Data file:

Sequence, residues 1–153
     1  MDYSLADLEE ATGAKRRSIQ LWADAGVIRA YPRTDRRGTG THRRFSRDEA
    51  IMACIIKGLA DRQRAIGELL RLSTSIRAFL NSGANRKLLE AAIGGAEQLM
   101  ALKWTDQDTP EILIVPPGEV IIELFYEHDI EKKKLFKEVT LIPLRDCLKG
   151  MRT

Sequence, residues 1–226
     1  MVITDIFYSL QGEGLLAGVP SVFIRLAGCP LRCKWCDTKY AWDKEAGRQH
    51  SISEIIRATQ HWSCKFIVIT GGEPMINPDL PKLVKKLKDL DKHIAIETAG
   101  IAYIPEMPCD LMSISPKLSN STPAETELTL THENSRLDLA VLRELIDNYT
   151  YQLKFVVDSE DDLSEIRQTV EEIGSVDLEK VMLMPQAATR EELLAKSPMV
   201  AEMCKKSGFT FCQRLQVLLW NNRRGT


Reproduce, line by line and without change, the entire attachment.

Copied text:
Sequence, residues 1–153
     1  MDYSLADLEE ATGAKRRSIQ LWADAGVIRA YPRTDRRGTG THRRFSRDEA
    51  IMACIIKGLA DRQRAIGELL RLSTSIRAFL NSGANRKLLE AAIGGAEQLM
   101  ALKWTDQDTP EILIVPPGEV IIELFYEHDI EKKKLFKEVT LIPLRDCLKG
   151  MRT

Sequence, residues 1–226
     1  MVITDIFYSL QGEGLLAGVP SVFIRLAGCP LRCKWCDTKY AWDKEAGRQH
    51  SISEIIRATQ HWSCKFIVIT GGEPMINPDL PKLVKKLKDL DKHIAIETAG
   101  IAYIPEMPCD LMSISPKLSN STPAETELTL THENSRLDLA VLRELIDNYT
   151  YQLKFVVDSE DDLSEIRQTV EEIGSVDLEK VMLMPQAATR EELLAKSPMV
   201  AEMCKKSGFT FCQRLQVLLW NNRRGT